The New Reynard
Title Details

222 Pages

23.4 x 15.6 cm

69 music exx.

Imprint: Boydell Press

The New Reynard

Three Satires: Renart le Bestourné, Le Couronnement de Renart, Renart le Nouvel

Translated by Nigel Bryant

  • Description
  • Contents
  • Author
A translation of three works from the second half of the 13th century: Rutebeuf's Renart le Bestourné, the anonymous Le Couronnement de Renart and Jacquemart Gielée's Renart le Nouvel. These savage and highly entertaining satires are in a league of their own, and Renart le Nouvel contains important music which is reproduced in the text.

Rarely can a medieval work have resonated with the mood of the present as uncannily as do these three satires. Acerbic, raging and finally apocalyptic, these poems from the second half of the thirteenth century, richly entertaining and wickedly comic though they are, express a vision of the world and its descent into corruption and disaster which mirrors our own state of rampant alarm.
The animal tales of the 12th- and 13th-century Roman de Renart - the Romance of Reynard the Fox - were immensely popular. Any satire in those original tales was generally light of touch, but the characters created in them, fox and wolf and ass and lion to name but four, were an open invitation to anyone of a more scathing satirical bent. The poet Rutebeuf, in his short but startling Renart le Bestourné ('Reynard Transformed'), deploys the beasts to make a venomous attack on the mendicant orders and on 'Saint' Louis IX of France. The anonymous Le Couronnement de Renart ('Reynard Crowned') then has the Fox crowned king, establishing a reign of every vice. And most ambitiously of all, Jacquemart Gielée in his Renart le Nouvel ('The New Reynard'), gripped by an increasingly pervasive sense of apocalypse, ends his poem with the Fox, the epitome of deceit and lying, not merely crowned king, but seated in permanent, malign control of the world atop a chocked, unturning Fortune's Wheel.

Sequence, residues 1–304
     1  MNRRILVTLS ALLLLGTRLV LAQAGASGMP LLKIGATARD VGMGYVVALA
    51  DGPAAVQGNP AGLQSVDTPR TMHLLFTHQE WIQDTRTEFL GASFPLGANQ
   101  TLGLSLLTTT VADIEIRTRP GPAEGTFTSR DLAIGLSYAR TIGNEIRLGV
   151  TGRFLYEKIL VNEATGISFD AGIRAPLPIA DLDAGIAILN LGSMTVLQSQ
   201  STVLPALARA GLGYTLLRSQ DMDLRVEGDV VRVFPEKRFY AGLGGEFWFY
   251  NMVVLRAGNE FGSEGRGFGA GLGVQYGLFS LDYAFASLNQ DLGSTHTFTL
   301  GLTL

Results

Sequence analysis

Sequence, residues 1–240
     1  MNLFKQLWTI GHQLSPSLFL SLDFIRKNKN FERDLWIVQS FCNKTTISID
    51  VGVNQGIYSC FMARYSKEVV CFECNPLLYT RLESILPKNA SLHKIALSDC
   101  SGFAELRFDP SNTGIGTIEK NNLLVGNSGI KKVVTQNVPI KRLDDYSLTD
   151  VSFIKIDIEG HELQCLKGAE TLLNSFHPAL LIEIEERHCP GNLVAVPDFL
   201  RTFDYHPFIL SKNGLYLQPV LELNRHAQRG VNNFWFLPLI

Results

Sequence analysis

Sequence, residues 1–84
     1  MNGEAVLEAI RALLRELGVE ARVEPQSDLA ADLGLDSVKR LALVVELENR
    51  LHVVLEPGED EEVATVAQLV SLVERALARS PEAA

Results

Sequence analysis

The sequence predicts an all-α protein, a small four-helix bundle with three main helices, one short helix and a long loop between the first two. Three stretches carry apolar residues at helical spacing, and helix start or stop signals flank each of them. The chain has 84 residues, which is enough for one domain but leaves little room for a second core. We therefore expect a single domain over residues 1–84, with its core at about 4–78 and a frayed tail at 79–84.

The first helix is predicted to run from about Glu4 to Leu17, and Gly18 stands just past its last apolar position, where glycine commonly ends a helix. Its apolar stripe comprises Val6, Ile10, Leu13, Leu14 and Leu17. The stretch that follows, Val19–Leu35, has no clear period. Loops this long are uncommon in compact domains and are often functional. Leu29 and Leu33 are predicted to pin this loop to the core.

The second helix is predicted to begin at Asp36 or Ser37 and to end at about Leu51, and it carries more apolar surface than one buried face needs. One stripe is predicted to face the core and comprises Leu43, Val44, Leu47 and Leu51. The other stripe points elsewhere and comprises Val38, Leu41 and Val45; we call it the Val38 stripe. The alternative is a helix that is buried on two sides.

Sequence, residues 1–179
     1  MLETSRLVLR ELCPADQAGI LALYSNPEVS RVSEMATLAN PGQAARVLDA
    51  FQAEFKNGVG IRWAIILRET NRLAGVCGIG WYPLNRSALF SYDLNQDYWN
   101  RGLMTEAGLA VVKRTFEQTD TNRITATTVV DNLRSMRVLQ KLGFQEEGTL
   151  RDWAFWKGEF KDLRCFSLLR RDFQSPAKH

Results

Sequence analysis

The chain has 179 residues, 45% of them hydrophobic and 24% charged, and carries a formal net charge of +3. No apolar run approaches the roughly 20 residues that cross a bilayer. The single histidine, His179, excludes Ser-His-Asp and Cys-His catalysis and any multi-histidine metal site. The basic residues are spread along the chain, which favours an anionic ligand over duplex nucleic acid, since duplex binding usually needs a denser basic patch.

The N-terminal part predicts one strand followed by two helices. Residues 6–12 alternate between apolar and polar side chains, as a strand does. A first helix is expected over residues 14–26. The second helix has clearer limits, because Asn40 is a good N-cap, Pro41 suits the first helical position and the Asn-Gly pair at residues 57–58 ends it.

The New Reynard is of special interest not only to students of medieval literature but also to musicologists. Music, in the form of numerous songs, plays an important part in Renart le Nouvel's satirical and apocalyptic message, and the poem is renowned as the most abundant source of late medieval refrains. The notations have survived, and the music is edited in this volume by Matthew P. Thomson.
Introduction

Reynard Transformed

Reynard Crowned

The New Reynard

Love, and love songs
Hope ... and the opposite
Entertainment
Satire general, satire specific
Authors, Dates, Manuscripts and Editions

Translating the verse


The Refrains in Renart le Nouvel


Further Reading

Reynard Transformed

Renart le Bestourné

Reynard Crowned

Le Couronnement de Renart

The New Reynard

Renart le Nouvel


Index

NIGEL BRYANT is well known for his lively and accurate versions of medieval French works. His translations of Chrétien de Troyes' Perceval
and all its continuations and of the extraordinary late Arthurian romance Perceforest have been major achievements; he has also translated Jean le Bel's history of the early stages of the Hundred Years War, and the 13th- and 14th-century biographies of William Marshal and Bertrand du Guesclin. He was awarded the 2019 Norris J. Lacy Prize for outstanding editorial achievement in Arthurian studies.

Hardcover

9781783277384

April 2023

£70.00 / $105.00

Shipping Options

Buy Fewer than 20 copies available

Buy

Purchasing options are not available in this country.

Ebook (EPDF)

9781800109902

April 2023

£24.99 / $29.95

Forthcoming

Shipping Options

Buy

Purchasing options are not available in this country.

Ebook (EPUB)

9781800109896

April 2023

£24.99 / $29.95

Forthcoming

Shipping Options

Buy

Purchasing options are not available in this country.

Title Details

222 Pages

2.34 x 1.56 cm

69 music exx.

Imprint: Boydell Press